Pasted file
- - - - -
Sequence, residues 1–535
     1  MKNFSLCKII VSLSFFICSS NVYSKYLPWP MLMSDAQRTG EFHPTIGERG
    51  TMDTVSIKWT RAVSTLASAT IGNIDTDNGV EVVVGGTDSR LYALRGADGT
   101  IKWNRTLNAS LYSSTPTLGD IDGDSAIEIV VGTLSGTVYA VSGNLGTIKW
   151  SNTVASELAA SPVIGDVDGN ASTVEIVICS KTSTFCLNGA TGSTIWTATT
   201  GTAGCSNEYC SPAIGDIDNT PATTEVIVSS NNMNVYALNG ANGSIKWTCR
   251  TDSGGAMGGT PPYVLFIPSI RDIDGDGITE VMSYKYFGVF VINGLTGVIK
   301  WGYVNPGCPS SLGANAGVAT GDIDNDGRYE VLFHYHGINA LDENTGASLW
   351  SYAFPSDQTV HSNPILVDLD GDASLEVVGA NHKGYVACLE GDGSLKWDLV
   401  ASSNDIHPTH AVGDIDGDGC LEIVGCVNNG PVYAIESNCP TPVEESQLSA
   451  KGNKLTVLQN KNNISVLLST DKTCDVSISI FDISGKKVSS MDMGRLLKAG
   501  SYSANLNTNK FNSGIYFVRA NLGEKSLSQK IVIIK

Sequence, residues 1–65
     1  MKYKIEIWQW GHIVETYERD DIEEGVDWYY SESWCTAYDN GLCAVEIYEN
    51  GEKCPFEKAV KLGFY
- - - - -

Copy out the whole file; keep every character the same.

Sequence, residues 1–535
     1  MKNFSLCKII VSLSFFICSS NVYSKYLPWP MLMSDAQRTG EFHPTIGERG
    51  TMDTVSIKWT RAVSTLASAT IGNIDTDNGV EVVVGGTDSR LYALRGADGT
   101  IKWNRTLNAS LYSSTPTLGD IDGDSAIEIV VGTLSGTVYA VSGNLGTIKW
   151  SNTVASELAA SPVIGDVDGN ASTVEIVICS KTSTFCLNGA TGSTIWTATT
   201  GTAGCSNEYC SPAIGDIDNT PATTEVIVSS NNMNVYALNG ANGSIKWTCR
   251  TDSGGAMGGT PPYVLFIPSI RDIDGDGITE VMSYKYFGVF VINGLTGVIK
   301  WGYVNPGCPS SLGANAGVAT GDIDNDGRYE VLFHYHGINA LDENTGASLW
   351  SYAFPSDQTV HSNPILVDLD GDASLEVVGA NHKGYVACLE GDGSLKWDLV
   401  ASSNDIHPTH AVGDIDGDGC LEIVGCVNNG PVYAIESNCP TPVEESQLSA
   451  KGNKLTVLQN KNNISVLLST DKTCDVSISI FDISGKKVSS MDMGRLLKAG
   501  SYSANLNTNK FNSGIYFVRA NLGEKSLSQK IVIIK

Sequence, residues 1–65
     1  MKYKIEIWQW GHIVETYERD DIEEGVDWYY SESWCTAYDN GLCAVEIYEN
    51  GEKCPFEKAV KLGFY